The Junior division of the US Open has a long history of launching stars, hence it's highly competitive nature. This year's pool of talent was packed, with rising stars like Jake Marshall, Ethan Ewing and Griffin Colapinto. Not surprisingly, the caliber of surfing was incredible. But what was surprising was the ultimate winner, Luis Diaz, an unknown 18-year-old from the Canary Islands. Diaz shocked everyone - including his newest shaper - with his impressive win.
The Canary Islands are a small archipelago southwest of Morocco under Spanish sovereignty, so technically that makes Diaz the newest European threat. Chatting after his big coup in Huntington Beach, we asked the wide-eyed 18-year-old about his origins, and his success.
WSL: How do you describe the Canaries to people who've never been there? And what are the waves like?
Luis Diaz: They are beautiful, volcanic islands. There are a lot of good beachbreaks there - but slabby waves too. Its' best is in winter because all the swells are on. And for the slabs, it's very good then.
WSL: This was your first trip to Huntington. Was it easy to adapt?
LD: Yeah. Because actually in the Canaries there are a few beachbreaks and I try to mix it up, surf all the different breaks to prepare for competitions. I have been doing a lot of work in them with my coach at home.
WSL: You've had some people who mentored you from an early age as your career developed. Who were a few of them?
LD: I started at a surf school with a teacher, he taught me the basic stuff. After that, Jonathan Gonzalez, a pro surfer from the Canaries, helped me a lot. I surfed with him, took trips with him, he's a legend.
WSL: When did you know you wanted to go pro?
LD: As soon as I stood up. I liked it so much. I wanted to keep surfing for the rest of my life. And if I can live from it, that's sick. I have to say thanks a lot to my parents, they've been spending so much time supporting me. They don't travel with me -- I mostly travel by myself or the team.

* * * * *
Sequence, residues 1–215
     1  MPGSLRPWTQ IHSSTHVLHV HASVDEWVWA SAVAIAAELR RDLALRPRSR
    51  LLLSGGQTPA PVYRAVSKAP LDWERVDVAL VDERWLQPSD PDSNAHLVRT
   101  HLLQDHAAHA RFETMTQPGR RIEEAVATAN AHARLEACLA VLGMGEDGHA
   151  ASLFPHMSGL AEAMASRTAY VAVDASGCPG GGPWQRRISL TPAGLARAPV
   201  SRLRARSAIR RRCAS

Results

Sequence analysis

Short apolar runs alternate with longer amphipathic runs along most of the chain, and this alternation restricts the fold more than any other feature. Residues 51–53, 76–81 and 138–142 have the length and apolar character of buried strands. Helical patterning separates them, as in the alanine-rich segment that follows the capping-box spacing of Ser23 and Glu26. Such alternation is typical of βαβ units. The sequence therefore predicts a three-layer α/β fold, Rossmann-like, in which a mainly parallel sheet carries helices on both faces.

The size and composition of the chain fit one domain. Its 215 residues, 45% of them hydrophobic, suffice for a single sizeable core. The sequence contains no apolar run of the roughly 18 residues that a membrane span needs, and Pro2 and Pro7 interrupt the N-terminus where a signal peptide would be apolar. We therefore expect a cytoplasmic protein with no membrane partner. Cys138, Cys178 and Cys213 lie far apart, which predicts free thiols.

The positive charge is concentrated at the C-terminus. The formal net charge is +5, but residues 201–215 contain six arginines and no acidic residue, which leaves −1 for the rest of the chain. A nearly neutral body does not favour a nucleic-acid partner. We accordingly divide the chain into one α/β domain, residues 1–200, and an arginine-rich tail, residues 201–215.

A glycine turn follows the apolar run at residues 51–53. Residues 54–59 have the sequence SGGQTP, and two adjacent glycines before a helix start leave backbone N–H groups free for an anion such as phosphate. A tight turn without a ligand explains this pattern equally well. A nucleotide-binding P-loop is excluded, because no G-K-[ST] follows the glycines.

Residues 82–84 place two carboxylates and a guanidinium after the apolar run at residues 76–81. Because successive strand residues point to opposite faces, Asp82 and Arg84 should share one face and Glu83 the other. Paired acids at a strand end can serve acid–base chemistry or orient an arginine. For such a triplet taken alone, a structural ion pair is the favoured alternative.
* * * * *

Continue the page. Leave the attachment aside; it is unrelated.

WSL: What is the most challenging part of climbing your way up from the juniors to the QS, and beyond?
LD: To be consistent. And your mind has to be alright, don't let the nerves affect you. If you work that out and your surfing is [good], it's about that.
WSL: How did you learn to do that? You're very young to be traveling the world and surfing professionally.
LD: Actually, I haven't been traveling that much, just the last two years I started surfing other countries. I'm still learning a lot. It's my first time here in Huntington Beach. I'm just taking notes of the guys who were before me, the European guys that did well on the QS and CT. Like [French surfer] Patrick Beven, [Spanish surfer] Aritz Aranburu, Jeremy Flores. All those guys, they built the way for us.
WSL: What was the biggest surprise for you about Huntington Beach?
LD: The event is massive. So many people, it's crazy. Plus, it's surprising to win.
WSL: What was the secret to your success here?
LD: To be relaxed. Not get nervous, just do my own thing. Not thinking about the results. Just thinking about surfing, and that was it.
WSL: How do you get into that mindset?
LD: I've been losing many times, because I was nervous or put pressure on myself. The way to keep that away is to be relaxed. I just listen to music and concentrate on my surfing. Not thinking much about the result. I still get nervous -- less, but it's a long run. I'm still young. I still have to work a lot, and more results will come.